14 June 2008

50 Years of God's Grace at Redeemer Lutheran Church

Fifty is a year that our Lord loves. It was on the 50th year that the Great Jubilee of ancient Israel was celebrated. Michael Card captured it exactly in his song from The Ancient Faith:

The Lord provided for a time
For the slaves to be set free
For the debt to all be cancelled
So His chosen ones can see

His deep desire was for forgiveness,
He longed to cede their liberty.
And His yearning was embodied in the year of jubilee.

Jubilee, Jubilee,
Jesus is our Jubilee.
Debts forgiven,
Slaves set free,
Jesus is our Jubilee.

At the Lord’s appointed time
His deep desire became a man
The heart of all true jubilation
And with joy we understand
In His voice we hear a trumpet sound
That tells we are free.
He is the incarnation
Of the Year of Jubilee.

Jubilee, Jubilee,
Jesus is our Jubilee.
Debts forgiven,
Slaves set free,
Jesus is our Jubilee.

To be so completely guilty,
Given over to despair.
To look into your judge’s face
And see a Savior there.

Jubilee, Jubilee.
Jesus is our Jubilee.
Debts forgiven,
Slaves set free.
Jesus is our jubilee.

Here we are celebrating 50 years – a Jubilee – and what we celebrate tonight and tomorrow is that Jesus is our Jubilee. He’s the reason behind all the celebration. It’s not about memories and friends long gone – however precious they may be. It’s about our Jesus, and the fact that He here, smack dab on Lacy Street in Burlington North Carolina, has himself a Church. And what He’s up to in that Church is the Jubilee. He’s all about forgiving debts, setting slaves free, and showing up not as the Judge, but as the Savior of all men, especially of those who believe.

Long ago many counted Redeemer out. Such a little parish. I remember when I was here is was all of 4 % of the Lutherans in Alamance County and the Lutherans all joined together only made up 4 % of the whole population of the county. Such a tiny little outpost. What could it do?

It could do what it has done: it could be a colony from the Lord’s future, a gift of the age to come, dishing out the Lord’s gifts for any and all who would receive them. Forgiveness bigger than all our sin. Life stronger than all our death. Joy abounding more than any sorrow of this age. All gifts given because the people of Redeemer gather around Jesus, who is the incarnation of the year of Jubilee.

And now you’ve reached 50 years, the Jubilee itself. It’s not 50 years to celebrate your blood, sweat and tears, poured into this parish community. It’s 50 years of celebrating the blood, sweat, and tears of the Son of God, poured out to give you forgiveness, life, and love.

Yes, it is a time to remember the peripheral joys. How could I forget the parish where my children were baptized, every last one of them, into Christ? I’ll forever remember Zak Whaley, having escaped from the nursery, flying up the aisle on his little bike and hightailing it up and around the organ as his mother Linda chased him, yelling "Carry on, folks" – even as I was trying to preach. It was sort of the end of that sermon. I’ll remember when I forgot the words of institution, and Frankie Hubbard, bless her heart, refused to play the Agnus Dei until I got the message: “Time out! No sacrament of Jesus without the words of Jesus.” I’ll not forget baptizing Steven Bowden, God rest his soul, as he ran down the aisle shouting: “I don’t wanna. Don’t make me, mama!” I’ll not forget the countless Sunday evening prayers with Jan, Bill and Doris Gudd, where they taught their poor impoverished pastor how to pray. I’ll not forget Richard Roarick’s kindness in telling me that Cindi’s eyes were robin’s egg blue; nor Jan and Ruby Hooft’s, Jim and Amy Huffman’s, Carlton and Mil Gerni's hospitality and friendliness. Countless evenings losing to Ruth Holler and Muriel Rose at Liverpool. The mother’s day sermon when John Byrnes ruined my point by doing all the typical mother stuff for his kids. The unquenchable joy and laughter of Mel and Peggy Strauss. So many more memories all to be treasured. If I went on about them all, you’d be sitting here at dawn. But I called them peripheral joys on purpose. They are the fringe benefit of living together as God’s forgiven people and every pastor you’ve ever had could share many, many more with you and at least some of you would remember, laugh and smile.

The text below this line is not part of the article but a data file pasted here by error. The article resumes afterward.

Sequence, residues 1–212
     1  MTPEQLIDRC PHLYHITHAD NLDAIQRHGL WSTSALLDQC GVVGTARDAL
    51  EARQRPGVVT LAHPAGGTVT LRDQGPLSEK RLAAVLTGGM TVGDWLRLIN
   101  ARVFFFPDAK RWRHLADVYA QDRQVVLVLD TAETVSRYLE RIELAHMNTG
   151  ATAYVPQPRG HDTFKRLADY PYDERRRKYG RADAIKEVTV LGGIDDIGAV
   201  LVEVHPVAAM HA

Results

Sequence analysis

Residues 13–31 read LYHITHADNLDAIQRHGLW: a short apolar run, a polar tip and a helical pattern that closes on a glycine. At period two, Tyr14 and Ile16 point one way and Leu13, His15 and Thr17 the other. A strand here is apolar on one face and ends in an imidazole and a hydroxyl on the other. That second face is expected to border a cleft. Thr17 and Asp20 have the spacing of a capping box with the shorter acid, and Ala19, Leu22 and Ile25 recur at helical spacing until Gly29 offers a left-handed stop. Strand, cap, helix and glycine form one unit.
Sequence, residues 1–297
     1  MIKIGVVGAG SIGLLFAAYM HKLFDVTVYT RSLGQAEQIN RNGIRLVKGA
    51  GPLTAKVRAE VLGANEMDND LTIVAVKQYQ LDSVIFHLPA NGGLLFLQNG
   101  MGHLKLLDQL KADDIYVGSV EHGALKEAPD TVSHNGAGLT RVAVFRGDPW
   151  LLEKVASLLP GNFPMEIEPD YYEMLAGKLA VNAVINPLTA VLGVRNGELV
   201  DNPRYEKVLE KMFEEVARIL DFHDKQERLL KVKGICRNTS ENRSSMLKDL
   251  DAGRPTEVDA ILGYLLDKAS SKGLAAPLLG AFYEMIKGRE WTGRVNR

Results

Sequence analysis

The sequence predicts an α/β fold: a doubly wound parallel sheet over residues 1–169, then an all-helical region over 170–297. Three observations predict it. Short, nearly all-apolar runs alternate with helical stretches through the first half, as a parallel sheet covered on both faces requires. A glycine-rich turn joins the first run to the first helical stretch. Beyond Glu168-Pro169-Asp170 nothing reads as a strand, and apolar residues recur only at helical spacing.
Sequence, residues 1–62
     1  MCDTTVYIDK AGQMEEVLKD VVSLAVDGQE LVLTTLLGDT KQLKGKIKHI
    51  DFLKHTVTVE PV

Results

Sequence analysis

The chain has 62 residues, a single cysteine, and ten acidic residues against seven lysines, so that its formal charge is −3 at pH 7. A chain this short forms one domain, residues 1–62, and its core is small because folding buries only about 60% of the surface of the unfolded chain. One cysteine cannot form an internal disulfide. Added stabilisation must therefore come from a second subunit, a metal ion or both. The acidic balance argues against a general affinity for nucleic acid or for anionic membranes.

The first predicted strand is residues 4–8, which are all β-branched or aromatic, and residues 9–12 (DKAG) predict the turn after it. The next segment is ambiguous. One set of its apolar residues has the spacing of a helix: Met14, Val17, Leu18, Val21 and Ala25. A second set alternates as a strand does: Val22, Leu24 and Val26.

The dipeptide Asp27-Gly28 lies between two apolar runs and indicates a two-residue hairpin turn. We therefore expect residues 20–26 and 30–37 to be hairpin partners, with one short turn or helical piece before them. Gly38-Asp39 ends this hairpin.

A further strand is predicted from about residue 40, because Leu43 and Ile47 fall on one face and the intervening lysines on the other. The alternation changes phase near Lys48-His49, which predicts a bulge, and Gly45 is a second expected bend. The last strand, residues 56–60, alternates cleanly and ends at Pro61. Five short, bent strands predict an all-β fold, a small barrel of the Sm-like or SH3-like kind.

But better than all the peripheral joys is the unshakeable joy of Jesus Christ Himself, the Eternal Son of the Father made flesh and blood of the holy virgin, giving Himself to you week in, week out, in His Word, in His absolution , in His body and blood. What makes a Church great, says C. F. W. Walther, is not whether it is big or small; but the presence of Jesus Christ. And that’s the heart of our jubilee celebration tonight and tomorrow. Jesus is the reason you’re here and you’ve been here and you will be here. And all the other reasons are just icing on the cake.

Thank you for letting us share in your joyful Jubilee.


Stoleman said...

Pastor Weedon,

How was crossing Lake Gaston?? From my house I can see the road during the winter. It is off the Bracey Exit, last exit in VA before getting into NC!

Hope your trip continues to be a blessing to you and all those you get to visit and see!!!

Darian L. Hybl

William Weedon said...


I thought of you as we crossed the border. If only we had more time to look up our internet friends as we travel around the country!!!